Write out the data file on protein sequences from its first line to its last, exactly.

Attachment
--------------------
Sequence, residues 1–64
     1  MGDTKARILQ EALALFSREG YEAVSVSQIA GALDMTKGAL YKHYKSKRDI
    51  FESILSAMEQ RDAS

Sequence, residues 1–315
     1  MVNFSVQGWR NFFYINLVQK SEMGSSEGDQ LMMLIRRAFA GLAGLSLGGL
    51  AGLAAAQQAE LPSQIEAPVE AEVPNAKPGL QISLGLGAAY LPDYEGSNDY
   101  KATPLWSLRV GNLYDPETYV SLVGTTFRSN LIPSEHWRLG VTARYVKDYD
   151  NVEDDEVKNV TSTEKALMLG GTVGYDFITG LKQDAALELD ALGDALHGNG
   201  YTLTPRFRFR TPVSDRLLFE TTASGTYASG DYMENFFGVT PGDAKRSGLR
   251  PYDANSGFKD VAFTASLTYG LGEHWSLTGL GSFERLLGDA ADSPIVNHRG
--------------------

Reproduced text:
Sequence, residues 1–64
     1  MGDTKARILQ EALALFSREG YEAVSVSQIA GALDMTKGAL YKHYKSKRDI
    51  FESILSAMEQ RDAS

Sequence, residues 1–315
     1  MVNFSVQGWR NFFYINLVQK SEMGSSEGDQ LMMLIRRAFA GLAGLSLGGL
    51  AGLAAAQQAE LPSQIEAPVE AEVPNAKPGL QISLGLGAAY LPDYEGSNDY
   101  KATPLWSLRV GNLYDPETYV SLVGTTFRSN LIPSEHWRLG VTARYVKDYD
   151  NVEDDEVKNV TSTEKALMLG GTVGYDFITG LKQDAALELD ALGDALHGNG
   201  YTLTPRFRFR TPVSDRLLFE TTASGTYASG DYMENFFGVT PGDAKRSGLR
   251  PYDANSGFKD VAFTASLTYG LGEHWSLTGL GSFERLLGDA ADSPIVNHRG